Mar 2013
Electricity Transmission
Constraint and Reserve Optimisation for Wind Generation (CROW)
Live
Mar 2013
Unknown
National Grid Electricity System Operator
National Grid TO Innovation Team
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Innovation Funding Incentive
None
Gas Transmission Networks
£108,000.00
Current NETS SQSS network operation and planning standards do not take into consideration reserve requirements when determining network capacity. A rapid growth in wind generation in the future will significantly increase the requirement for various forms of reserve and explicit consideration of the impact on network constraints on the allocation of spinning and standing reserves across the system may become important. Similarly, increased reserve requirements may impact on the need for transmission capacity. It is expected that under some circumstances, it may be appropriate to reinforce the transmission network in order to access cost effective resources of reserve that may be in the form of generation or demand.

If this work shows that there are significant benefits from incorporating reserve requirements in network planning, this could be used to consider changing network design standards to include reserve requirements in addition to considering peak demand conditions and constraint costs. It is proposed to carry out this analysis on predicted generation and demand background for the year 2020 and investigate whether the inclusion of generation and demand reserve in planning methodology would deliver economics benefits.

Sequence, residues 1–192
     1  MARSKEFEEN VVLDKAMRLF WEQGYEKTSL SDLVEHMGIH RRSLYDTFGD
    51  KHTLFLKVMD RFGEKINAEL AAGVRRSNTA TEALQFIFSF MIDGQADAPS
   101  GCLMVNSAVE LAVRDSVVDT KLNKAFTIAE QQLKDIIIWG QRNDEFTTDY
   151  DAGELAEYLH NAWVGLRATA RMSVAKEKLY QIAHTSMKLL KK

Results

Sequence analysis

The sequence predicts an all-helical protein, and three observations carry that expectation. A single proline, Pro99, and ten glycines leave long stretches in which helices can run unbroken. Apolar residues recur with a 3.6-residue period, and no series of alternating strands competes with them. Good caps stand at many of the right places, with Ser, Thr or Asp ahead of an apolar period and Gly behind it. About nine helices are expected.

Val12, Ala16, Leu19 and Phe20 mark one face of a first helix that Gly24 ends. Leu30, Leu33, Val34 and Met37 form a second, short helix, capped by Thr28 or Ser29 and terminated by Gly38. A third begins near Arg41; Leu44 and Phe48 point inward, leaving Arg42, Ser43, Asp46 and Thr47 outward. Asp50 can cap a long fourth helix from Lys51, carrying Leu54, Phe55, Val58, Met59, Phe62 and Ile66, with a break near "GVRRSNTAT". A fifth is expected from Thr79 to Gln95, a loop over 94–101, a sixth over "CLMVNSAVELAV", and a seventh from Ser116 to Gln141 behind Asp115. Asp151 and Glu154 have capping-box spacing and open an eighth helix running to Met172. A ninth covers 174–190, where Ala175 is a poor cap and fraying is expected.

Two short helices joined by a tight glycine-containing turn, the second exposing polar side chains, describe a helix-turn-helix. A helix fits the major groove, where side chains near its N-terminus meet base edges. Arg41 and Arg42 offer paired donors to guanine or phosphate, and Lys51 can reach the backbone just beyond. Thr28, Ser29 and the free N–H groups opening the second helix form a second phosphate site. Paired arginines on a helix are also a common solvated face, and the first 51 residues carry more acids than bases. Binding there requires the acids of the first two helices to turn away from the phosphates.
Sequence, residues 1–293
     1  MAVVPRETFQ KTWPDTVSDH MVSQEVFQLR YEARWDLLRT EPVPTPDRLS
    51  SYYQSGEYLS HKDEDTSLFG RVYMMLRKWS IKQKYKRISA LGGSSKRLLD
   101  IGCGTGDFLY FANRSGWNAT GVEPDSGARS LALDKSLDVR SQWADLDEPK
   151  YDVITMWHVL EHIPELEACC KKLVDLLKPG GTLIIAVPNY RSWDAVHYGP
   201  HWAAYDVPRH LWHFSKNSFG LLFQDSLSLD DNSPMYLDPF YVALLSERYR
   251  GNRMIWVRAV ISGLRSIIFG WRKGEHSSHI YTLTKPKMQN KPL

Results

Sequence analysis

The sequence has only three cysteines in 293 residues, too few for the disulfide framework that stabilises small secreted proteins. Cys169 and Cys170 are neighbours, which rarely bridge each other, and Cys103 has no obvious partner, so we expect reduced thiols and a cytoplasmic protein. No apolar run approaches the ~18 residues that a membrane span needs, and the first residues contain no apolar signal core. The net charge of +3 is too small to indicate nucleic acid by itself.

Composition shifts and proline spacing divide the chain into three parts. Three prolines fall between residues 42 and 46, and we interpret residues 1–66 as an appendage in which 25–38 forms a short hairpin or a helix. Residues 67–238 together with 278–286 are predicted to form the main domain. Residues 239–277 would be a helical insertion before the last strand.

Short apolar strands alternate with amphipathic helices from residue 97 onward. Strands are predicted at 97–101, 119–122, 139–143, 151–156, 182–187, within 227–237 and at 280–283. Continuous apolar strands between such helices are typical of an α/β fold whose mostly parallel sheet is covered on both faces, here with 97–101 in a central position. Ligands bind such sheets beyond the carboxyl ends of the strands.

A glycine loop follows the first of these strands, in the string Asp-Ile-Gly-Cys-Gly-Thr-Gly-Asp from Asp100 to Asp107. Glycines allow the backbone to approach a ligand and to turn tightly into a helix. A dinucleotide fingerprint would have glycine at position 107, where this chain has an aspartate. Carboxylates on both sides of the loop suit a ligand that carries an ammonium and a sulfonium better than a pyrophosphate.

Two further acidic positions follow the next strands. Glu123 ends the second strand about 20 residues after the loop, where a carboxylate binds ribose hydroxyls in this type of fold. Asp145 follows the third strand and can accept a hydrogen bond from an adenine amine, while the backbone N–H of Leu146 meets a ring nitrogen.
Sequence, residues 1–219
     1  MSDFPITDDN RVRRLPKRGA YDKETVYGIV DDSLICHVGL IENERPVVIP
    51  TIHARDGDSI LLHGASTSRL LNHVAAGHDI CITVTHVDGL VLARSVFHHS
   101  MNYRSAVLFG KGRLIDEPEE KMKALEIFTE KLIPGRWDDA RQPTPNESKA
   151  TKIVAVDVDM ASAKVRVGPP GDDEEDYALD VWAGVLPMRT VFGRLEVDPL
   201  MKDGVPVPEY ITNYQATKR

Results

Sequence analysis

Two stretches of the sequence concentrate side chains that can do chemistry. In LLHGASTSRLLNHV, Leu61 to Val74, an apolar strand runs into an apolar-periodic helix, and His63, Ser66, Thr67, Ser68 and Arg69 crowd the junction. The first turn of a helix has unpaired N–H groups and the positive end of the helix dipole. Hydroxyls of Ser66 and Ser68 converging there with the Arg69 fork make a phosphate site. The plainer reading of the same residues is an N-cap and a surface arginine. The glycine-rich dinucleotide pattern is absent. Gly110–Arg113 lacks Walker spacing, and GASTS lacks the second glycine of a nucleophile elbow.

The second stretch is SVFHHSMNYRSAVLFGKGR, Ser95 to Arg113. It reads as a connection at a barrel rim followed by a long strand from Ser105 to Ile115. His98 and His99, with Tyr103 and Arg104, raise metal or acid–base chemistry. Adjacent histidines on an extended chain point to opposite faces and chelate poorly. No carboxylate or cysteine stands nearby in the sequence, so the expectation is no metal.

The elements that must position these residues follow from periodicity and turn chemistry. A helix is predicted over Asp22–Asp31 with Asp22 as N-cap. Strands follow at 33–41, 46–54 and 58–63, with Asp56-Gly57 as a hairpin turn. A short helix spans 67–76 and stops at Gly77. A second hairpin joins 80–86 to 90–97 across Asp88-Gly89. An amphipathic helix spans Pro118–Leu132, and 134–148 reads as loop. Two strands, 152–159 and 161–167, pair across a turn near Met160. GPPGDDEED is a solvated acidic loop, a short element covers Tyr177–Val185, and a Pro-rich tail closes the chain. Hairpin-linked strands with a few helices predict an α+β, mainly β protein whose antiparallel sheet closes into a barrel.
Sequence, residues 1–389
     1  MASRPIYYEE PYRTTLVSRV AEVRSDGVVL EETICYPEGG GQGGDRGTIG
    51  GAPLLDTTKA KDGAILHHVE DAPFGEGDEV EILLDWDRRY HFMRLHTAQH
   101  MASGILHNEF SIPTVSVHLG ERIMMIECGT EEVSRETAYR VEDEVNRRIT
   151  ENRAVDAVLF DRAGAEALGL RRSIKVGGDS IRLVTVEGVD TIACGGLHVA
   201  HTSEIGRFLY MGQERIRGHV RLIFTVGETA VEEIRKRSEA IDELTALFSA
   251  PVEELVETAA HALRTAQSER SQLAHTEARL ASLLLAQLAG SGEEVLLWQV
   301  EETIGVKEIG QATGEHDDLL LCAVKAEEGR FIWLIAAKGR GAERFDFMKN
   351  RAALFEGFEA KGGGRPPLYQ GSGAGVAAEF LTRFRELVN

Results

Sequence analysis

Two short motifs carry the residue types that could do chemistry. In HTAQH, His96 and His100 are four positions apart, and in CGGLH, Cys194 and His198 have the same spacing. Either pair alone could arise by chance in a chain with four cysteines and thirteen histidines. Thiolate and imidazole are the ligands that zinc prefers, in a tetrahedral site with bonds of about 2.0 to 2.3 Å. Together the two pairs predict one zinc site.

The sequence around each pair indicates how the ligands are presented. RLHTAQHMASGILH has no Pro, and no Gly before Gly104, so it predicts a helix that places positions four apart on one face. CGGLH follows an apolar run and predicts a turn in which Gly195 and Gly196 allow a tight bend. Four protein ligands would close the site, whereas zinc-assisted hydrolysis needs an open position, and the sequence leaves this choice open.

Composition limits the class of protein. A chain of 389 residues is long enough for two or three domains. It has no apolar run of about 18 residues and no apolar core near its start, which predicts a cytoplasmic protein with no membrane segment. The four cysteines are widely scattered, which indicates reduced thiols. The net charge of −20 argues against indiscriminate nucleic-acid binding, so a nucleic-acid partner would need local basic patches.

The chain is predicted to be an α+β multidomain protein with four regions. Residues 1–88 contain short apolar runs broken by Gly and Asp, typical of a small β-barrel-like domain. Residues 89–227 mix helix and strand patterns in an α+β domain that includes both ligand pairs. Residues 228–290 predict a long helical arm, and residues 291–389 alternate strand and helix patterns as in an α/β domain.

Imperial College will undertake a research project, under the supervision of Prof. Goran Strbac to establish this understanding and to propose alternative methodologies that might be practical to be applied to a real power system.

This project will deliver an assessment of the effects of including both generation and demand side reserve in real time operation and transmission capacity planning in systems with significant penetration of wind generation. The twin objectives are to:

  • Assess how network constraints impact on allocation of spinning and standing reserve

  • Investigate whether investment in new transmission capacity may provide more efficient access to reserves needed to support cost effective integration of wind generation. This work should provide information that will be used to assess if the network planning approach should change to incorporate reserve requirements in National Grid systems with wind generation.

The research will:

  • Assess the importance of an approach to reserve management that dynamically optimises the allocation of spinning and standing reserves in the presence of transmission constraints

  • Develop a methodology for quantifying the impact that generation and demand side reserve has on the transmission capacity requirements

  • Against current National Grid generation and transmission reinforcement predictions for the year 2020 identify where and how much additional transmission capacity would be justified to allow generation and demand side reserve to be effectively utilised in order to reduce operational cost and support wind integration. The opportunities for generation and demand side reserve will be characterised against the predicted demand and generation background for 2020.